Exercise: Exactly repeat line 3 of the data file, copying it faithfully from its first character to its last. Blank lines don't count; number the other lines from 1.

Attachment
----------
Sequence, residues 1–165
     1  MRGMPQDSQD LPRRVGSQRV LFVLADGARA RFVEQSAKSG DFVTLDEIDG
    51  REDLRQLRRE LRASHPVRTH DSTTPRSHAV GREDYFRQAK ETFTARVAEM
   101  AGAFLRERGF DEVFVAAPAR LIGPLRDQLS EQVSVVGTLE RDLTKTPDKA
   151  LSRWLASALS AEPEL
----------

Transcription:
    51  REDLRQLRRE LRASHPVRTH DSTTPRSHAV GREDYFRQAK ETFTARVAEM